Hastings has lost a powerful advocate and friend — Ron Cascone. We, current and former members of the Hastings Conservation Commission and Energy Working Group, write together to note his passing and acknowledge his many contributions. Ron was a member of the Conservation Commission for close to two decades, and over that time he was a steady contributor and thought leader. Trained as a chemical engineer, Ron had broad expertise in environmental issues, which he brought to bear on the pressing challenges of climate change and environmental preservation. A big-picture thinker, Ron understood the complexities in every aspect of what we have worked on over the years to protect our local environment and to be responsible world citizens.
Ron also knew the details and could go deep into the weeds when needed. We had complete confidence in his views, knowing that in his professional work all over the globe he was widely respected. During intense public discussion about how to restore Reynolds Field, Ron was a critical source of expertise on the remote possibility of recycling the proposed plastic turf material at the end of its useful life.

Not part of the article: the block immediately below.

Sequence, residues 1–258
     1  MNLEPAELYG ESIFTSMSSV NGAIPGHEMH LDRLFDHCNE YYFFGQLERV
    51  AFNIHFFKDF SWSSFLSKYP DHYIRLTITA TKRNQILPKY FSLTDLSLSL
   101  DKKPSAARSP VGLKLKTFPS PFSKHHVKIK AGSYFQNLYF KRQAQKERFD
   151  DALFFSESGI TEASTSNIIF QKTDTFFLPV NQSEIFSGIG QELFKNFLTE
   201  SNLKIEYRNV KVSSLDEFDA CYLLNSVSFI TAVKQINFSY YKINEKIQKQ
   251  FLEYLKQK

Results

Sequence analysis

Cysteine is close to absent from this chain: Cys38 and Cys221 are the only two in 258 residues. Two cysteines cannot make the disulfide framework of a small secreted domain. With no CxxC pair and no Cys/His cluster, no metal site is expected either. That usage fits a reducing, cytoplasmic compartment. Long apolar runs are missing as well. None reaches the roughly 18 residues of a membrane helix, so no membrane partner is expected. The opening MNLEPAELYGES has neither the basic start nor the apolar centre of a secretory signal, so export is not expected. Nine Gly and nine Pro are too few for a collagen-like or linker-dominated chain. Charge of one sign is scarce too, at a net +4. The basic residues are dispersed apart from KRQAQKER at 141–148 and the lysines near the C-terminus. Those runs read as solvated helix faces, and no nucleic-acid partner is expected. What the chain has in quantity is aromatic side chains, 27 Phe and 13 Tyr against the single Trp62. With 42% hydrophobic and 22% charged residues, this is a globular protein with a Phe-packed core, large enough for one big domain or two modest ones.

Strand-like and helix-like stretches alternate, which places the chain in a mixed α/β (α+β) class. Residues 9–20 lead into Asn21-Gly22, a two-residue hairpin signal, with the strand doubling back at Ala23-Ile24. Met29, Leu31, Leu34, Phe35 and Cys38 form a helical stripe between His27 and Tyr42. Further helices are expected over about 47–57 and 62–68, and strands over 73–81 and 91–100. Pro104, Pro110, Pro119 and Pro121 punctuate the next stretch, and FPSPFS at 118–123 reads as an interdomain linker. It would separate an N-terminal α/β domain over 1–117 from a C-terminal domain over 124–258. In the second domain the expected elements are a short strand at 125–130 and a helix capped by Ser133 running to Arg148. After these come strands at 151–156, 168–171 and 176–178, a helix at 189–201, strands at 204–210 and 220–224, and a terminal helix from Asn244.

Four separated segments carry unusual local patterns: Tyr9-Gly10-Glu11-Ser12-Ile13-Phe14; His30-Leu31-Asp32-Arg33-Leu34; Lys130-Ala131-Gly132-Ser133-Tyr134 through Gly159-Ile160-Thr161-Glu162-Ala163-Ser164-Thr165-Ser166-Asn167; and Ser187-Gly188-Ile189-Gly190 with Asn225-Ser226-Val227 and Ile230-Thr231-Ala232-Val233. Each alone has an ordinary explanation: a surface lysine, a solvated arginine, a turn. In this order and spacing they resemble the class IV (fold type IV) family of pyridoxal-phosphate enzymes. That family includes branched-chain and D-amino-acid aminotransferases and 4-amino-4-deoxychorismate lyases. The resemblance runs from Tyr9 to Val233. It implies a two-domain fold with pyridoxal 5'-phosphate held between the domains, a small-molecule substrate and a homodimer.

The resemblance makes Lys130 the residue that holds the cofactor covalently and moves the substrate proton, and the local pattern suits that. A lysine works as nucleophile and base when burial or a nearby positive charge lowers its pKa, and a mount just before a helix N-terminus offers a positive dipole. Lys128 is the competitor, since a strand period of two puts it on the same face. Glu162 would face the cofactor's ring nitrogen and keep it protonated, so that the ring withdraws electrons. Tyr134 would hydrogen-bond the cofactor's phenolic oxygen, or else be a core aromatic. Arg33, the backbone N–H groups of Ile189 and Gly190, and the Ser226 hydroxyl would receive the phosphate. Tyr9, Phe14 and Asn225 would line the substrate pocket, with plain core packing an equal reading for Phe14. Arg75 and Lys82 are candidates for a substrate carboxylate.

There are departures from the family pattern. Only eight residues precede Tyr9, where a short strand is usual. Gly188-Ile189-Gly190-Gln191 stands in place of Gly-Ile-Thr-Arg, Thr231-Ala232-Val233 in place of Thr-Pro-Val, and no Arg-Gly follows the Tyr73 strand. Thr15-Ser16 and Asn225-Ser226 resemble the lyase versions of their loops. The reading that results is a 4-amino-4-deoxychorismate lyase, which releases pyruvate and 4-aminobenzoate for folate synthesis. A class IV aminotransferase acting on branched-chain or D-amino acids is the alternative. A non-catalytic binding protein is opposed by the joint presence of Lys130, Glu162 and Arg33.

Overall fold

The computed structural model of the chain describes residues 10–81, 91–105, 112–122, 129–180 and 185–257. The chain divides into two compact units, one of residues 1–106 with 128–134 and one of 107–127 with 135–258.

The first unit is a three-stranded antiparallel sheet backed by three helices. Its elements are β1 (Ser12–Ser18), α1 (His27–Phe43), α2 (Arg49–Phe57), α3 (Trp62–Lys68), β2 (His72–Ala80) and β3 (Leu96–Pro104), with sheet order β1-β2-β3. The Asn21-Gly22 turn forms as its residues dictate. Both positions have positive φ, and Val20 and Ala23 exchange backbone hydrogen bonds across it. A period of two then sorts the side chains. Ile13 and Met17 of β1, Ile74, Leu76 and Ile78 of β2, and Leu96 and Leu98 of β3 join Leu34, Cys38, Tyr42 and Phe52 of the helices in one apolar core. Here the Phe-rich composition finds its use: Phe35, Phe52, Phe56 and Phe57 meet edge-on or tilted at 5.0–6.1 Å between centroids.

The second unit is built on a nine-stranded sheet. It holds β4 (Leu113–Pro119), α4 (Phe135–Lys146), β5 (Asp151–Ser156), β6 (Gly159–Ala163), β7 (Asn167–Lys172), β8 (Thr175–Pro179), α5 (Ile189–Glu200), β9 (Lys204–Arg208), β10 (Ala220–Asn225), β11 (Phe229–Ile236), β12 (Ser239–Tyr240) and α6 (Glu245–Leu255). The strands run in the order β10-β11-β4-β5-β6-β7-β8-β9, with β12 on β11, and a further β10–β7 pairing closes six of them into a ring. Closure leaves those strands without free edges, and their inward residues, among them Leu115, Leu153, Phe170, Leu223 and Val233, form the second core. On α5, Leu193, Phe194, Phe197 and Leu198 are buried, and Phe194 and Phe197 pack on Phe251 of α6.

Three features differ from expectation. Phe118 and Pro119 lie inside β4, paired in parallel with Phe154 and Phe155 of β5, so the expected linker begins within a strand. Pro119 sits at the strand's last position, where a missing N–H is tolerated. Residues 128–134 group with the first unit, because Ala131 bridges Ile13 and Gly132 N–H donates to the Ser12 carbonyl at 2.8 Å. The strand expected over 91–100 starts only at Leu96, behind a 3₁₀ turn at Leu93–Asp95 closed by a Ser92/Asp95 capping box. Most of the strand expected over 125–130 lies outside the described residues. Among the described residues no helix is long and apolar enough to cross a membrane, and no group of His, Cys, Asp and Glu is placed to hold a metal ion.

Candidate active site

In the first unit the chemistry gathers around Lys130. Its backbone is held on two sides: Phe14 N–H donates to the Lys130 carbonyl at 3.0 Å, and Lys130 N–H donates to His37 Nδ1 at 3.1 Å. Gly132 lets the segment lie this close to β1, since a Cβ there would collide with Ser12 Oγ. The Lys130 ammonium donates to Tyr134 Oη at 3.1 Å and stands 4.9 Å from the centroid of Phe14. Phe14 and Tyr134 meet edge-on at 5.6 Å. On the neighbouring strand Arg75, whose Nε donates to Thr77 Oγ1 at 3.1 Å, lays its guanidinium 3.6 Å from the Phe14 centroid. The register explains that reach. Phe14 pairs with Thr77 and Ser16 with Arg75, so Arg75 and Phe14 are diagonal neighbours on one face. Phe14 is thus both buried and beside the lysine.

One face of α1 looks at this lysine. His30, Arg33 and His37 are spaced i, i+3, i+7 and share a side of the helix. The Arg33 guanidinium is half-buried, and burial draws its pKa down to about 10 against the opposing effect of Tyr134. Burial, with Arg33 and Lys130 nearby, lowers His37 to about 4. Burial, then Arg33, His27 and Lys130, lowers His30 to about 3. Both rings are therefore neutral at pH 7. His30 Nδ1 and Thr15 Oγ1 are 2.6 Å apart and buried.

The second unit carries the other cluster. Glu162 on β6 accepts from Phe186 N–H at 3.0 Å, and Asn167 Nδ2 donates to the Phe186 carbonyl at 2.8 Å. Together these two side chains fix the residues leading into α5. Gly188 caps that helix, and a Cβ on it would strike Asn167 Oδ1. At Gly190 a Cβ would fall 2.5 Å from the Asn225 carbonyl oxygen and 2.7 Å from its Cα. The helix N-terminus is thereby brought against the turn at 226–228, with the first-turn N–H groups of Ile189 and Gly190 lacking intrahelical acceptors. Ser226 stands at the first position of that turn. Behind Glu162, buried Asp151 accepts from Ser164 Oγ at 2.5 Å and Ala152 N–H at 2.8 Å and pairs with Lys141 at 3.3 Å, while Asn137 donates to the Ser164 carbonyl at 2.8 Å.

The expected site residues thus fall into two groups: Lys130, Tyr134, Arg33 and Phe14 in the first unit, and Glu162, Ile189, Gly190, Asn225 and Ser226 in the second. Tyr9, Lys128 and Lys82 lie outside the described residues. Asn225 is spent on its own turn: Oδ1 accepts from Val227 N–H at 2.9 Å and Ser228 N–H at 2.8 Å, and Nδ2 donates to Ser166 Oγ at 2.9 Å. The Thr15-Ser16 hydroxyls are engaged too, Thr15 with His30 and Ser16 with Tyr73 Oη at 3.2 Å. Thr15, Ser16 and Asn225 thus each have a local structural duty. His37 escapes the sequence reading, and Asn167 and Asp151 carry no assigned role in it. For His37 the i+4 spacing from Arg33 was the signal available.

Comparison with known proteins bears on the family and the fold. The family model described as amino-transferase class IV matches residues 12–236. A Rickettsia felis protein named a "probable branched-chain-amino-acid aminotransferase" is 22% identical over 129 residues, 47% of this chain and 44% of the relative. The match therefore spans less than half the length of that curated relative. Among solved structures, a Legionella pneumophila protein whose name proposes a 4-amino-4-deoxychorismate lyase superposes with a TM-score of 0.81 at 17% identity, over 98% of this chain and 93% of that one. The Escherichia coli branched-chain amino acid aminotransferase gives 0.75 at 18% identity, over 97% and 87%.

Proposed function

Ron was an unflinching critic of some of our cherished ideas, always offering his analysis without seeming to worry about making us think a bit harder. We wanted to promote electric vehicles and Ron would remind us to consider where the electricity was generated to be sure we would really be reducing greenhouse gases. He pushed us to adopt leading-edge technology, avoiding middle ground — encouraging the purchase of battery-only EVs, not plug-in hybrids. And he reminded us frequently that every email has a carbon footprint.
Ron would often have a bemused look that seemed to say, “Just wait until you hear what I have to say next,” and you knew it would be worth hearing. He liked to recall the line of a song to summarize a thought as we worked together. During the debate about synthetic turf at Reynolds Field, an ad in the Enterprise, quoted Joni Mitchell, “Don’t it always seem to go, you don’t know what you’ve got ‘til it’s gone,” and if Ron didn’t suggest that quote, he could have.
Thank you, Ron, for all you offered to us over so many years. You will be deeply missed.